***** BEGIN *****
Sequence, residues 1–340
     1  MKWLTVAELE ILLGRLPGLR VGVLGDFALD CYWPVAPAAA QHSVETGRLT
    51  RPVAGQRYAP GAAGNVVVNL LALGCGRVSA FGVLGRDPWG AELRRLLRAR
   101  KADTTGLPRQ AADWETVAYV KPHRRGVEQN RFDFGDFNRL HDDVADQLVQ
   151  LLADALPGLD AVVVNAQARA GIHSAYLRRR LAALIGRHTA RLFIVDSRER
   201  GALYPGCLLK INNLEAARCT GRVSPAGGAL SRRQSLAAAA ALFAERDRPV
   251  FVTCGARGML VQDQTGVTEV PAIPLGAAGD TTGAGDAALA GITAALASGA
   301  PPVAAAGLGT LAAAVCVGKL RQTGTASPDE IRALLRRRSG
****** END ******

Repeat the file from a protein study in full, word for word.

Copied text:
Sequence, residues 1–340
     1  MKWLTVAELE ILLGRLPGLR VGVLGDFALD CYWPVAPAAA QHSVETGRLT
    51  RPVAGQRYAP GAAGNVVVNL LALGCGRVSA FGVLGRDPWG AELRRLLRAR
   101  KADTTGLPRQ AADWETVAYV KPHRRGVEQN RFDFGDFNRL HDDVADQLVQ
   151  LLADALPGLD AVVVNAQARA GIHSAYLRRR LAALIGRHTA RLFIVDSRER
   201  GALYPGCLLK INNLEAARCT GRVSPAGGAL SRRQSLAAAA ALFAERDRPV
   251  FVTCGARGML VQDQTGVTEV PAIPLGAAGD TTGAGDAALA GITAALASGA
   301  PPVAAAGLGT LAAAVCVGKL RQTGTASPDE IRALLRRRSG